His service was rushed and his treatment did nothing but generate more pain. To top things off, his billing practices add insult to (literal) injury.

“Why are you suing someone for posting their opinion to a site?  Yelp makes it very clear that people posting to their site are posting their personal opinions and experiences. The cruel irony you’re going to find is that refuting this one negative post, you’re now getting an unimaginable amount of bad press.  Way more than the one post ever solicited.  ”

“Shame Shame Shame.  Suing over a review.  If Dr. Beigel knew anything about yelpers, it would be that we have brains in our heads.  One negative review out of many 5 star reviews would have struck me as an oddity and I would have likely gone anyway.  Not now!  I have a feeling that many others are feeling the same way and will steer clear.”

Not all the comments are bad, in fact there are plenty of positive comments about Dr. Biegel:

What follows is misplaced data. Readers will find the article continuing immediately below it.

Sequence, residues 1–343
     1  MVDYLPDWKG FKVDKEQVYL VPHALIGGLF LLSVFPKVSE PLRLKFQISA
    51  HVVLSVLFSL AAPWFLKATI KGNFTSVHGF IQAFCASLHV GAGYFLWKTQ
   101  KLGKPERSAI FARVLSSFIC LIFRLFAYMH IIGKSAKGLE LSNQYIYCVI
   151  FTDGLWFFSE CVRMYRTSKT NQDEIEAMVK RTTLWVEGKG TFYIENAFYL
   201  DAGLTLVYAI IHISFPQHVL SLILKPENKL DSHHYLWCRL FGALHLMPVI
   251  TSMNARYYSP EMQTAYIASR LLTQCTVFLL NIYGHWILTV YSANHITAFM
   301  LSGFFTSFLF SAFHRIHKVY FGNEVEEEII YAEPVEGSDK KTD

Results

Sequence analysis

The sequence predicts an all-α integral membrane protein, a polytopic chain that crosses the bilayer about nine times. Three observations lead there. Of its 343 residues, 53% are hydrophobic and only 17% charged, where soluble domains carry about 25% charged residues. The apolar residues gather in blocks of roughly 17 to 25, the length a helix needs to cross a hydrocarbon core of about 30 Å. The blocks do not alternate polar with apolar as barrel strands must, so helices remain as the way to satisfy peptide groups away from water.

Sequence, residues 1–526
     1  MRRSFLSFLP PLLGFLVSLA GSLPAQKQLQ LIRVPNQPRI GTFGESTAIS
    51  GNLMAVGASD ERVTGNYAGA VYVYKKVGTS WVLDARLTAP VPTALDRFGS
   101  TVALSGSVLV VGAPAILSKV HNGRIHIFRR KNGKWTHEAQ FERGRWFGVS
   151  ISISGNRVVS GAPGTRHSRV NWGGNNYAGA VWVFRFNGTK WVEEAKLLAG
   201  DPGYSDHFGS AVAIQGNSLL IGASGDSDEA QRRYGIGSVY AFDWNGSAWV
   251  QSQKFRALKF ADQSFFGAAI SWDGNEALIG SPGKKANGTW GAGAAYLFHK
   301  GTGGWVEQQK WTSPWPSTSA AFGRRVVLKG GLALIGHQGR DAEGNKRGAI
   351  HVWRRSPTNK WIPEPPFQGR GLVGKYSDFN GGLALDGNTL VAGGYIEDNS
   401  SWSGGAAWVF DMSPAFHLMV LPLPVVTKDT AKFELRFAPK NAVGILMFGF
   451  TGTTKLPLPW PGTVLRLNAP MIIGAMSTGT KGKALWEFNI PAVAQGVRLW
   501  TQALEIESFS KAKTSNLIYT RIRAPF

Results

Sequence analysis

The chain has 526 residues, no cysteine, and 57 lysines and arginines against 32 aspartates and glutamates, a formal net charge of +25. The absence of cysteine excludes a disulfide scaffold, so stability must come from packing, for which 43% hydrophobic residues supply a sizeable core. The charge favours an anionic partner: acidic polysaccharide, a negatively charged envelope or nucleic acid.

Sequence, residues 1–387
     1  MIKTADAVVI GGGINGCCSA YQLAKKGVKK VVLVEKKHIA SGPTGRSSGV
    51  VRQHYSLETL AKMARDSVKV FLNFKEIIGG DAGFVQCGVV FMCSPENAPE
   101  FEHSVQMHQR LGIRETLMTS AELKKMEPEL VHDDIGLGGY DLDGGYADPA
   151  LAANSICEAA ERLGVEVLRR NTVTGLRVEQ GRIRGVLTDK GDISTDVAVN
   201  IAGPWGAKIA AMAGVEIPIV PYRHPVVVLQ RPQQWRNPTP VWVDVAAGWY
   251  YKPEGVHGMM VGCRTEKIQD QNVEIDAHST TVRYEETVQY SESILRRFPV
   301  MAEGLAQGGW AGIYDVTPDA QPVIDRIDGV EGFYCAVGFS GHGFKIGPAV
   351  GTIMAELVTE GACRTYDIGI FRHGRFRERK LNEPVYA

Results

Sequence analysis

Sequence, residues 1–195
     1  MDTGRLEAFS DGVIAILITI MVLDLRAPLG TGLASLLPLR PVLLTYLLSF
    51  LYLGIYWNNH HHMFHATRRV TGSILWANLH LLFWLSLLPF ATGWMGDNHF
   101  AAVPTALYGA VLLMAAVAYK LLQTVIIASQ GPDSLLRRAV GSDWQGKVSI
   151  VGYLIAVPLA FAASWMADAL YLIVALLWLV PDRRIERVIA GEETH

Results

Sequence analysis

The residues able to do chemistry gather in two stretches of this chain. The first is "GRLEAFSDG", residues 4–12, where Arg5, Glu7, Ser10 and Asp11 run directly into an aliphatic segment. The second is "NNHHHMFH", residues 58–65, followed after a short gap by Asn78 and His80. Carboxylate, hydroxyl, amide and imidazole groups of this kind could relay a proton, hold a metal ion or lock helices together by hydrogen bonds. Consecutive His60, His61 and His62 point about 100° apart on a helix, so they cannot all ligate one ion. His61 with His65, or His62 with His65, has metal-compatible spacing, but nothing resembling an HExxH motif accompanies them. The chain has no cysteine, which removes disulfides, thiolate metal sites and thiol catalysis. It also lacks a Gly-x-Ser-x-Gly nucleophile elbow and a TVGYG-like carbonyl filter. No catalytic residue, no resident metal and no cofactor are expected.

“I just felt I had to defend Dr. Biegel after having seen his suit in the news. I wanted to say that I had NO problem with his billing practices. Unfortunately, the treatment itself was useless, and actually aggravated my pain, so I don’t feel that I can give him more than 2 stars. But I do want to say that the costs/insurance were very upfront, and I’m sure he did the best that he could.”

“I’ve known Doctor Biegel for many years and I’ve rarely met a more honest and forthright person. I trust him completely. The assertion that Dr. Biegel is suing this guy because of a bad review is simply wrong. This guy is being sued because he made false claims accusing Dr. Biegel of committing insurance fraud. That’s called ‘libel’ not a ‘bad review’.  Look it up.”

Of course of the reviews that came as a result of this entire fiasco it is impossible to decipher truth from passionate frustration. But when browsing earlier comments and reviews, it seems like the Dr. Biegel had far more positive reviews sprinkled with a negative one or two here and there.  As of this post, there were 56 reviews.  Most of the negative reviews were a result of the lawsuit, not as a result of the doctor’s service or practices. Proof that the suit is going to hurt the good doctor more than the negative review did in the first place. There’s a message to marketers in this madness.